A number of people lingered in front of the church, but when the sound of firing was heard in the distance (Smilzo had let off a Tommy gun into the air as a demonstration), even the group of survivors melted away. Don Camillo found the square as bare as a billiard table.
     
     "Are we going now, Don Camillo?" asked Christ from above the altar. "The river must be beautiful in this sunshine. I'll enjoy seeing it."
     "We're going all right," replied Don Camillo. "But I am afraid that this time I shall be the entire procession. If You can put up with that . . ."
     "Where there is Don Camillo he is sufficient in himself," said Christ, smiling.
     
     Don Camillo hastily put on the leather harness with the support for the foot of the cross, lifted the enormous crucifix from the altar and adjusted it in the socket. Then he sighed: "All the same, they need not have made this Cross quite so heavy."
     "You're telling Me!" replied the Lord smiling. "And I never had shoulders such as yours."
     
     A few moments later Don Camillo, bearing his enormous crucifix, emerged solemnly from the door of the church. The village was completely deserted; people were cowering in their houses and watching through the cracks of the shutters.
     
     "I must look like one of those friars who used to carry a big black cross through villages smitten by the plague," said Don Camillo to himself. Then he began a psalm in his ringing baritone, which seemed to acquire volume in the silence.
     
     After crossing the Square he began to walk down the main street, and here again was emptiness and silence. A small dog came out of a side street and began quietly to follow Don Camillo.
     
     "Go away!" muttered Don Camillo.
     "Let it alone," whispered Christ from His Cross. "Then Peppone won't be able to say that not even a dog walked in the procession."
     
     The street curved and then came the lane that led to the river bank. Don Camillo had no sooner turned the bend when he found the way unexpectedly obstructed. Two hundred men had collected and stood silently across it with folded arms. In front of them stood Peppone, his hands on his hips.
     
     Don Camillo wished he were a tank. But since he could only be Don Camillo, he advanced until he was within a yard of Peppone and then halted. Then he lifted the enormous crucifix from its socket and raised it in his hands, brandishing it as though it were a club.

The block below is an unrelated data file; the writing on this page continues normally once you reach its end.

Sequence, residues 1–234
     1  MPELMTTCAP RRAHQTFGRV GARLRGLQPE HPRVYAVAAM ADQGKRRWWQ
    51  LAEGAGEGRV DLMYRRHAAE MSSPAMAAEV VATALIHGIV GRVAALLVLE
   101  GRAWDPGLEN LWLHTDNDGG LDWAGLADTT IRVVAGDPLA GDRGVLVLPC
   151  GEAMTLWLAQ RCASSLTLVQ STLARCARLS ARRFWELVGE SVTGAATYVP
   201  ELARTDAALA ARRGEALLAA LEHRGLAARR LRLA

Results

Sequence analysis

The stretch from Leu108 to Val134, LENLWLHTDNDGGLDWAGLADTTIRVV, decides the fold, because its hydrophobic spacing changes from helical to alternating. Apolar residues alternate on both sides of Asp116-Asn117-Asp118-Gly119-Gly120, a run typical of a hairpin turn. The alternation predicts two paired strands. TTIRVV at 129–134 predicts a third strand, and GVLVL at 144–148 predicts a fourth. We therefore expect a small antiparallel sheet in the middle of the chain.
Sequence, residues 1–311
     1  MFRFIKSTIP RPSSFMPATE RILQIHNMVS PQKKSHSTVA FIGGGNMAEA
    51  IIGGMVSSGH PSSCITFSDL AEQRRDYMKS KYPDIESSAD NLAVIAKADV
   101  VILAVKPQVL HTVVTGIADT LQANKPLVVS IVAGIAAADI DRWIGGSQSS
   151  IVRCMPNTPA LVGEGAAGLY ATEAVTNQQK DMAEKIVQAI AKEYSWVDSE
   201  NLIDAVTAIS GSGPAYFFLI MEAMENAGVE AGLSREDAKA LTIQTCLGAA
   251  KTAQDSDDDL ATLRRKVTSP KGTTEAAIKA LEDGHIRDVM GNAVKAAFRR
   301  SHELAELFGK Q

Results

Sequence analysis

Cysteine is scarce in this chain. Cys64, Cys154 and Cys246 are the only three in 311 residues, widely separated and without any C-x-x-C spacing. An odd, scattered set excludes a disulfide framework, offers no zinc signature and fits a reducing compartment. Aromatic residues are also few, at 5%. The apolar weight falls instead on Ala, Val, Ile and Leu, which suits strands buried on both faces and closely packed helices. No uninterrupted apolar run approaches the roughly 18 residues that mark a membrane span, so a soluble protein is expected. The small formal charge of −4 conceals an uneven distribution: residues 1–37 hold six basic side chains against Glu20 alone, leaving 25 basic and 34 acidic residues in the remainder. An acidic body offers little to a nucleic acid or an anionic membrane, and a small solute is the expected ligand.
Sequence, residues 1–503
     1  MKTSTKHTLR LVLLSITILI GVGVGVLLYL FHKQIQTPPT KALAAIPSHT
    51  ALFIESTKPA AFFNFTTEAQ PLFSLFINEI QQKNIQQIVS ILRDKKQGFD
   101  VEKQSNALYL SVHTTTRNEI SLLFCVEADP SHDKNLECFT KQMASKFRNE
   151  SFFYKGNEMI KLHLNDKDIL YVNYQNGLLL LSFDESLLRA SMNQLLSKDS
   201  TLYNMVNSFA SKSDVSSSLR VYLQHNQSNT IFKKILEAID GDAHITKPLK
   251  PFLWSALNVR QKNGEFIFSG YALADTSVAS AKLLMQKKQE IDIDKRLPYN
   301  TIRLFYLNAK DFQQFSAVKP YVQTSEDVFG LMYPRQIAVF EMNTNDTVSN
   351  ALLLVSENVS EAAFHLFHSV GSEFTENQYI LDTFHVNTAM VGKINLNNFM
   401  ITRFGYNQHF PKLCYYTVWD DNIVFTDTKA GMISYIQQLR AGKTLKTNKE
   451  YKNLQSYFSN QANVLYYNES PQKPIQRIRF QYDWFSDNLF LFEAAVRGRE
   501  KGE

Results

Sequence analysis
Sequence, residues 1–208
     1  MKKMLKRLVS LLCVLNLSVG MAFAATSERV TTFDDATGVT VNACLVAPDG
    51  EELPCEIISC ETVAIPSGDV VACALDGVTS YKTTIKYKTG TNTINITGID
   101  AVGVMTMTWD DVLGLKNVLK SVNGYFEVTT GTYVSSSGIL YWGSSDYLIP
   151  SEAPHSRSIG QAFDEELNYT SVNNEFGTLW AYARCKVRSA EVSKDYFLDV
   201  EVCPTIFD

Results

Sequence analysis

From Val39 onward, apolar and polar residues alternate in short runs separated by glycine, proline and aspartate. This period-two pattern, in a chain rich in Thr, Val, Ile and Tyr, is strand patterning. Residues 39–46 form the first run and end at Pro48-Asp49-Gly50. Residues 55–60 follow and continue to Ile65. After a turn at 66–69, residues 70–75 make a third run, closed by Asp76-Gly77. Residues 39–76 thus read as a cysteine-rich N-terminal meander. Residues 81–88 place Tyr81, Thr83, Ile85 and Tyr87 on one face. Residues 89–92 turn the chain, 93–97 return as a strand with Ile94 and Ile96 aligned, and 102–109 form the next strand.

"Lord," cried Don Camillo. "Hold on tight; I am going to strike!"
     
     But there was no need, because the men scattered before him and the way lay open. Only Peppone, his arms akimbo and his legs wide apart, remained in the middle of the road. Don Camillo put the crucifix back in its socket and marched straight at him and Peppone moved to one side.
     
     "I'm not shifting myself for your sake, but for His," said Peppone, pointing to the crucifix.
     "Then take that hat off your head!" replied Don Camillo without so much as looking at him.
     
     Peppone pulled off his hat, and Don Camillo marched solemnly through two rows of Peppone's men.
     
     When he reached the river bank he stopped. "Lord," said Don Camillo in a loud voice, "if the few decent people in this filthy village could build themselves a Noah's Ark and float safely upon the waters, I would ask You to send a flood that would break down this dike and submerge the whole countryside. But as these few decent folk live in brick houses exactly like those of their rotten neighbors, and as it would not be just that the good should suffer for the sins of scoundrels like Mayor Peppone and his gang of Godless brigands, I ask You to save this countryside from the river's waters and to give it every prosperity."
     
     
      "Amen," came Peppone's voice from just behind him.
     "Amen," came the response of all the men who had followed the crucifix.
     
     Don Camillo set out on the return journey and when he reached the doorway of the church and turned around so that Christ might bestow a final blessing upon the distant river, he found standing before him: the small dog, Peppone, Peppone's men and every inhabitant of the village, not excluding the druggist, who was an atheist, but who felt that never in his life had he dreamed of a priest like Don Camillo, who could make even the Eternal Father quite tolerable.
     
     
     Go on to chapter fifteen, The Meeting     on the meaning of life website.